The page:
Brexit: No-one to blame but ourselves

SO how has Brexit been for you? Less than five days into the long-delayed start to negotiations, British politics seems more deeply mired in a quicksand of indecision and fluster. Rudderless, shapeless, HMS Westminster risks mockery on the stage of world opinion, a year after a vote that some believed would make the country stronger.

One year ago today, Britain woke up to a result that even Nigel Farage had conceded hours earlier. One year since those merry pranksters Michael Gove and Boris Johnson appeared before the cameras like naughty schoolboys hauled before the beak for a stiff caning before being sent to the dorm with no supper. Hard to believe that anyone in Britain, perhaps the planet, would take either man seriously in his claim to future leadership of the country.

Today, at the end of week which witnessed David Davis conceding the negotiating agenda to his EU counterpart, the morning after Theresa May produced a new fudge on the issue of EU citizens living in the UK and British expatriates abroad, the Tories remain damaged and divided. They continue an amoral pursuit of a Commons majority via coalition — sorry, “arrangement” — with the torn-faced men and women of the Democratic Unionist Party. There have been moments in the past year when I expected Westminster to be invaded by clowns in tiny tricycles, tooting parp-parp horns and tripping over their over-sized red shoes.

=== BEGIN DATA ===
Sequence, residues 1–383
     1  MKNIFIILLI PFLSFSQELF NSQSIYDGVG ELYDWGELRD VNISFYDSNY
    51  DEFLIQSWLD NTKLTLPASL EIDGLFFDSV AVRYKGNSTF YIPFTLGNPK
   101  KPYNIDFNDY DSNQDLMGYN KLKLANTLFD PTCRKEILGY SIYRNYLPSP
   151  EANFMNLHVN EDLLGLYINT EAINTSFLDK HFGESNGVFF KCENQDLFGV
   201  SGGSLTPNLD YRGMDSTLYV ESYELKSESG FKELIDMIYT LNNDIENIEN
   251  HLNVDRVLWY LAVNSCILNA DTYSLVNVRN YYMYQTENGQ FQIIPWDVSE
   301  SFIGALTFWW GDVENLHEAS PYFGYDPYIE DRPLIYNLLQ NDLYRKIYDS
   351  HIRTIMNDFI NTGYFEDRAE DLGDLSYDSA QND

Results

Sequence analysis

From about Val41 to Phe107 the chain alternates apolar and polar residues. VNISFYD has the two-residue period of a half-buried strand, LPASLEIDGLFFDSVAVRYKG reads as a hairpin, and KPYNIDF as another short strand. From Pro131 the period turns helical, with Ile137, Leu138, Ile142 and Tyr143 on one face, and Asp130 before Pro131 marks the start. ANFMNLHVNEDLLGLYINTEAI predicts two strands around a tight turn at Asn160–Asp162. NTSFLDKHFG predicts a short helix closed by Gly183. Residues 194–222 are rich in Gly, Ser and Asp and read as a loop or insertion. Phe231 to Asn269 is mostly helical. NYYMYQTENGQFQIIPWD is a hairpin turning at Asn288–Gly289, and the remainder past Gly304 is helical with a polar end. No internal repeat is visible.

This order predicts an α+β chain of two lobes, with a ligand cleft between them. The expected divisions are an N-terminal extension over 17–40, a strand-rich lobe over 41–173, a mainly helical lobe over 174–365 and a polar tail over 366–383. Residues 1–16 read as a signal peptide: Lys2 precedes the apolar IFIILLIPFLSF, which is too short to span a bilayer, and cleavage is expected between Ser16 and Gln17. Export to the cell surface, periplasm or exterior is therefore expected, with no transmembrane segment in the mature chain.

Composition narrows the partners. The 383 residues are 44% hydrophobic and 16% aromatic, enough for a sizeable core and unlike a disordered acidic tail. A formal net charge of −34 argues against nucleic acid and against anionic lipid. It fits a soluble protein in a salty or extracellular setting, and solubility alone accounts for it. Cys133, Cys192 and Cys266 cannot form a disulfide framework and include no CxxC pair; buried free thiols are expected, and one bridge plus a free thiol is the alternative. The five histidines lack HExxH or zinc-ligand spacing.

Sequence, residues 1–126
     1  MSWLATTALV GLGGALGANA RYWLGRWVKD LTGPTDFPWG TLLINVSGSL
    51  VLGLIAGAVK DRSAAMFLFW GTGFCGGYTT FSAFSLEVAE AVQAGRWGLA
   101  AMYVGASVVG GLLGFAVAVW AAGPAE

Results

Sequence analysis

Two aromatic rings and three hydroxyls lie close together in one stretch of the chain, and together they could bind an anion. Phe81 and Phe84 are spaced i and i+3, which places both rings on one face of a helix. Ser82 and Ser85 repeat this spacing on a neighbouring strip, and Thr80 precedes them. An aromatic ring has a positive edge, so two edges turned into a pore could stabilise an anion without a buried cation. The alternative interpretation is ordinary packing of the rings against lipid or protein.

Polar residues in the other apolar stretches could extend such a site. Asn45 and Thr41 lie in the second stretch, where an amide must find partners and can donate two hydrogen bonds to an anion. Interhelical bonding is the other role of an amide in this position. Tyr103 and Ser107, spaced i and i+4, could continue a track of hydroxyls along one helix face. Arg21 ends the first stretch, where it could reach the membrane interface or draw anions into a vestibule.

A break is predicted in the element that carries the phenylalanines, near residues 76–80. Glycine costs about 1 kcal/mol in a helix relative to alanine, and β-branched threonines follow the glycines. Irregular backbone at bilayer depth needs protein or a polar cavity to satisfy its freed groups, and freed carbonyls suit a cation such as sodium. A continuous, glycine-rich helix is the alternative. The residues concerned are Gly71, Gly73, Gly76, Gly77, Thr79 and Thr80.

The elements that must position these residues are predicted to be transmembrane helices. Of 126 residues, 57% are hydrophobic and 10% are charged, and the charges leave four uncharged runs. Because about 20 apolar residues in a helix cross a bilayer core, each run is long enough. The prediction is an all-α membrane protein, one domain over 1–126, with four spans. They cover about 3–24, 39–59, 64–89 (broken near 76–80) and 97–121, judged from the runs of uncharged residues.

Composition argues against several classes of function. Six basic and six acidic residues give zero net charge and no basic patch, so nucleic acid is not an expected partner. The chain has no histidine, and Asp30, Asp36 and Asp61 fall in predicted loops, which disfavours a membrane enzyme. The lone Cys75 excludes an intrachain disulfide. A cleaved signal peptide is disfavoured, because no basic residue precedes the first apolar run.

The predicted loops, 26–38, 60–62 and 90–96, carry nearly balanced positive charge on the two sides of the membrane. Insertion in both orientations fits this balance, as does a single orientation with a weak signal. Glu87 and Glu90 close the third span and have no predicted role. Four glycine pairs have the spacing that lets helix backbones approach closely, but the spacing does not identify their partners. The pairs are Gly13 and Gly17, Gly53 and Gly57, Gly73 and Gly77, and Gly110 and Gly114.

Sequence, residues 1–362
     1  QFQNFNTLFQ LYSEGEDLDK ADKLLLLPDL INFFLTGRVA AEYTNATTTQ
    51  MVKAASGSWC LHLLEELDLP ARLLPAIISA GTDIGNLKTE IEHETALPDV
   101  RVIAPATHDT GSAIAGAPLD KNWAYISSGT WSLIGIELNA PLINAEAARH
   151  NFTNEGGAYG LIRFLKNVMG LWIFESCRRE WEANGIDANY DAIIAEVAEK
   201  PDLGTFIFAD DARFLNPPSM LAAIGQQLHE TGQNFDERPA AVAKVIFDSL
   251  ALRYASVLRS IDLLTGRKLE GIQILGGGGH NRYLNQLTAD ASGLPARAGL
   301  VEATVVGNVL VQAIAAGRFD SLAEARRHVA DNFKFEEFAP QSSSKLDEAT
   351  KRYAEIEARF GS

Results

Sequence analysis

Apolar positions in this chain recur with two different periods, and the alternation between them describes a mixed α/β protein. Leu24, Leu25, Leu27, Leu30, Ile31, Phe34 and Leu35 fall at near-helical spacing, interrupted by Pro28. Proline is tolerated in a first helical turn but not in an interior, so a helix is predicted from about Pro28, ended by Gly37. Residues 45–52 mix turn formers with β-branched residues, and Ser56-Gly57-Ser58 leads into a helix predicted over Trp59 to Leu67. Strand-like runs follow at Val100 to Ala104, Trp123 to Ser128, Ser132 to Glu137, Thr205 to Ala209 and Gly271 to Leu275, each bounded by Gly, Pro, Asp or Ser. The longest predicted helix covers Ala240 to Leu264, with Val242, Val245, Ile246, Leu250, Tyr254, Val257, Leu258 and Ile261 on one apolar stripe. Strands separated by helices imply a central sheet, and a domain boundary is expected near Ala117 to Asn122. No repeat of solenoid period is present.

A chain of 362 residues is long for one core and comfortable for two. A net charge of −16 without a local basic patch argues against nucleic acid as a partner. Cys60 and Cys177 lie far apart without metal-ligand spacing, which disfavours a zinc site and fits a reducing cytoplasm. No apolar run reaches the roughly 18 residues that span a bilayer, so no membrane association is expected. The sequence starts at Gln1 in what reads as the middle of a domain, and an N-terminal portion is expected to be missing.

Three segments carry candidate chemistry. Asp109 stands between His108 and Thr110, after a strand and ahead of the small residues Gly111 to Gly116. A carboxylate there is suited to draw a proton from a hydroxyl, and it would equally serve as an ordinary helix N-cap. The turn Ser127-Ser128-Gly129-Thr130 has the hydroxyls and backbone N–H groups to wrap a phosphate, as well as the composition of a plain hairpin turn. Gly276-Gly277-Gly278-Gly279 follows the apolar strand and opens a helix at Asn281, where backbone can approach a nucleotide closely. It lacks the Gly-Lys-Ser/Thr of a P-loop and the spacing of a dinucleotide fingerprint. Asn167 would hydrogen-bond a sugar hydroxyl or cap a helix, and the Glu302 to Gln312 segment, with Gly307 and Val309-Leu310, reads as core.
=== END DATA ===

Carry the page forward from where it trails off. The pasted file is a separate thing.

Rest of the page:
Meanwhile, across the Atlantic, the other half of our fantasy “special relationship” stands diminished, mocked even, under an administration mired in controversy over whether or not its very democracy has been undermined by the Kremlin. Its leader, a man with the political instincts of a moth and a trigger finger that to date twitches only as far as the “tweet” button on his (Chinese manufactured) mobile phone, defies gravity. This week he chose Iowa — a lot closer to Canada than Mexico — to re-extol the virtues of his southern border wall: “We’re thinking about building the wall as a solar wall — and it pays for itself. This way Mexico will have to pay much less money,” said Mr Trump. This might jar with his core vote, which imagines real energy comes only from burning more carbon or blasting it from the deep.

The prejudice that fuels this behaviour has its roots in the 20th century history of the United States and Great Britain: the “American century”. At times, Britain was the sneering side-kick to the American bully that sought to set the post-war agenda in Europe during the Cold War, and in Asia, Latin America and the Middle East where proxy wars were fought either against Communism or for unfettered access to oil. When a Leave-voting couple were shown on Channel 4’s Brexit Wife Swap this week, their initial arguments were risible and a mite pathetic. “Britain won the war,” said Pauline, placing a portrait of Nigel Farage above the fireplace and saying she voted to “put the great back in Great Britain”. Husband Andy, pointing at the mainly Asian people around him at a street market, said his home didn’t feel like home any longer, without adequate explanation of how barring east Europeans from Britain might stop people from India and Pakistan living on his patch.